breakout session at Godblogcon05, on blogging on the intelligent design controversy. If you’re there, do drop by and say hello.

According to the program, here is what I am doing,

The session will focus on intelligent design theory. What is ID, and what is it not, and how are blogs and the blogosphere helping a small group of ID advocates circumvent and frustrate a formidable intellectual orthodoxy?

One of my great regrets is that Canadian media prophet Marshall McLuhan (1911-1980) never lived to see the blogosphere. McLuhan was considered obscure and cranky in the Sixties, largely for predicting the Internet:

Marshall McLuhan was the first person to popularize the concept of a global village and to consider its social effects. His insights were revolutionary at the time, and fundamentally changed how everyone has thought about media, technology, and communications ever since. McLuhan chose the insightful phrase "global village" to highlight his observation that an electronic nervous system (the media) was rapidly integrating the planet -- events in one part of the world could be experienced from other parts in real-time, which is what human experience was like when we lived in small villages.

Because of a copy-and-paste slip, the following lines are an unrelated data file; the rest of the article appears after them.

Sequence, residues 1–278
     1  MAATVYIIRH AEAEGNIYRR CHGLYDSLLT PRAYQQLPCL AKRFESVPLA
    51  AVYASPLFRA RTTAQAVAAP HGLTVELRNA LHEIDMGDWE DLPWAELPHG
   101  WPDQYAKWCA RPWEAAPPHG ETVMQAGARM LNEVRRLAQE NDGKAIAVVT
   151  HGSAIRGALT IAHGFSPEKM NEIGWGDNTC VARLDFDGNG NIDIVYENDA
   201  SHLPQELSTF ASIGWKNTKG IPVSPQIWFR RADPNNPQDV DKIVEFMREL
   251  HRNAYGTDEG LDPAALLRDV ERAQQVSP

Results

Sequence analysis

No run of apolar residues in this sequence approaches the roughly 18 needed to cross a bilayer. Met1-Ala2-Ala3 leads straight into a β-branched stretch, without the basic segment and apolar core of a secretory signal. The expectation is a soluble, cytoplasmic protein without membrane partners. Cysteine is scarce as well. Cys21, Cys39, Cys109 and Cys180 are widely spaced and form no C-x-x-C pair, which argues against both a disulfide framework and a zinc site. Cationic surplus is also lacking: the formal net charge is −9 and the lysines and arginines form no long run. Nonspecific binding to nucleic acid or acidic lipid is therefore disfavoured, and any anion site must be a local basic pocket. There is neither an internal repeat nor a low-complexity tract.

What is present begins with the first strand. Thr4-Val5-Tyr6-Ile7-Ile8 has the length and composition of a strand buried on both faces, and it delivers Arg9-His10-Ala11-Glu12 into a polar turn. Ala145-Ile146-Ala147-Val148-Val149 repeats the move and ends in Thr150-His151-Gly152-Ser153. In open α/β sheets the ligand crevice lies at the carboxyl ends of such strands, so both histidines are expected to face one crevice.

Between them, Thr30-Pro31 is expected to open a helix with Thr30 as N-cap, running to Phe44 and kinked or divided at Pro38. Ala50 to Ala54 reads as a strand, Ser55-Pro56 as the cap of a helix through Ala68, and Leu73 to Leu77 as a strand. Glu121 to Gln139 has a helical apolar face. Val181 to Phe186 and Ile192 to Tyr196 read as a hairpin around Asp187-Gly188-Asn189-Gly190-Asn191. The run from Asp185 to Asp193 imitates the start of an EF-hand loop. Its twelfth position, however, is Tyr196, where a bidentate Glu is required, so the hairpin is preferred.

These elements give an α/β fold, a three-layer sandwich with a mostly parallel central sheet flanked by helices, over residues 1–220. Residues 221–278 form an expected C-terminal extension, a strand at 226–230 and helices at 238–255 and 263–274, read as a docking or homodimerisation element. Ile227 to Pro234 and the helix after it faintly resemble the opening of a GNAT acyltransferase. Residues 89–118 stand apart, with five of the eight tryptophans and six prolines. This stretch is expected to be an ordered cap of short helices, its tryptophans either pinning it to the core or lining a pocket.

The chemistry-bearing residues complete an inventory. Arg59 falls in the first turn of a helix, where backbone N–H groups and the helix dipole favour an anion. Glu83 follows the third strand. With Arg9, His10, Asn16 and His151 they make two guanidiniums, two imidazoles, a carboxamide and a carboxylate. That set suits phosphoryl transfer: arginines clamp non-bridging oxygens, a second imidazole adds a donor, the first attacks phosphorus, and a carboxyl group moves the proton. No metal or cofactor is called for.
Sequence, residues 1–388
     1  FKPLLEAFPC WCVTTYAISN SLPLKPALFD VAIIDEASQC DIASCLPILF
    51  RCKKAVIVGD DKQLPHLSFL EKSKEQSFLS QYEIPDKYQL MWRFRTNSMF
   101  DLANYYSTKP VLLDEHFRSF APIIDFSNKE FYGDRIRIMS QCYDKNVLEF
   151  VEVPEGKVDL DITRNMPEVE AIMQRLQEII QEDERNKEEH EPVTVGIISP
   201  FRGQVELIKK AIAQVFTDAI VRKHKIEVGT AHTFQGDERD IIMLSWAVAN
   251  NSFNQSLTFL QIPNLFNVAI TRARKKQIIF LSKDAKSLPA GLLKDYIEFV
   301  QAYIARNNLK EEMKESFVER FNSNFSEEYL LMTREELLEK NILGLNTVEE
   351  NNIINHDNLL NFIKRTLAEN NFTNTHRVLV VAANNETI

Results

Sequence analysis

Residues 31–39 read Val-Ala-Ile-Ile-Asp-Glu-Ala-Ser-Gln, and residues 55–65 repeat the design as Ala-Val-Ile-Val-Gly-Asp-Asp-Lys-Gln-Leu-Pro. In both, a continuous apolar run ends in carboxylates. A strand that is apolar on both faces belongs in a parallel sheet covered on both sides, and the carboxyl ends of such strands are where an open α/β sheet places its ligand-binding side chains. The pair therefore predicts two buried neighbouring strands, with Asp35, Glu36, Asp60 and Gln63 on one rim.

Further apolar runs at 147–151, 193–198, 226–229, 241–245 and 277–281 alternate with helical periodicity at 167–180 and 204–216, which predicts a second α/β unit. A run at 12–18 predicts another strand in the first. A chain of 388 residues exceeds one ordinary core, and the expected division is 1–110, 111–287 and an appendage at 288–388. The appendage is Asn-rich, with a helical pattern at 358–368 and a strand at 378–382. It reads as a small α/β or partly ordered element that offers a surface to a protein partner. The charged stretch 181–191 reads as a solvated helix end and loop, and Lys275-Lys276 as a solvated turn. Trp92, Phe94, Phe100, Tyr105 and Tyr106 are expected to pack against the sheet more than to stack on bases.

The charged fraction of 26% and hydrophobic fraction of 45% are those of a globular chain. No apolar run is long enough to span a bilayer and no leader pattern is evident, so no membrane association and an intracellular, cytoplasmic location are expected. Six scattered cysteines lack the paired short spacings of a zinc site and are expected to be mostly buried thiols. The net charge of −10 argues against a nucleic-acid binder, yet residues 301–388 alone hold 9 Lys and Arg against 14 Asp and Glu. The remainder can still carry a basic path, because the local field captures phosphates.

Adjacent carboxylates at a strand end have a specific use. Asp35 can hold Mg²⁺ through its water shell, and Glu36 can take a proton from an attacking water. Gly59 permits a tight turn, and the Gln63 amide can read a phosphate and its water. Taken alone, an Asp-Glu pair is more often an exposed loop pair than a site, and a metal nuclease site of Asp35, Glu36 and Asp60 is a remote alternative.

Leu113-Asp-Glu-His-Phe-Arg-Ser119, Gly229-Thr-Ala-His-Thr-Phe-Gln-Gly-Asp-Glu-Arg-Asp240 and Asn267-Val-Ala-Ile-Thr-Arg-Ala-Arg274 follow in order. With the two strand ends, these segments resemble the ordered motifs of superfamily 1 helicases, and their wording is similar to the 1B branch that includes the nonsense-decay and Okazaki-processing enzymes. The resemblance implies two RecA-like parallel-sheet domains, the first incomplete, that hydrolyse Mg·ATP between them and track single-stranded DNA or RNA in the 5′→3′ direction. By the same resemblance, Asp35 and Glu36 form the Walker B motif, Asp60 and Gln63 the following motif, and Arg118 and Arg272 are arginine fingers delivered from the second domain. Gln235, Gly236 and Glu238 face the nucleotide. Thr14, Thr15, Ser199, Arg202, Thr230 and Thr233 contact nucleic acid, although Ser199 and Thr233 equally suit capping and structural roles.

The blogging conference goes on to say about me,
Canadian freelance journalist Denyse O’Leary ( is the author of By Design or by Chance? (Augsburg Fortress 2004), an overview of the intelligent design controversy, which won two Canadian Christian Writing Awards. She was named Recommended Canadian Author of the Year by Christian Booksellers Association Canada (2005).

O’Leary had predicted years ago that the intelligent design controversy would explode, and it did. She felt frustrated by the fact that she could not update her book until a second edition was arranged. To cover breaking news in the meantime and provide archives, in April 2005, she started a blog, The Post-Darwinist.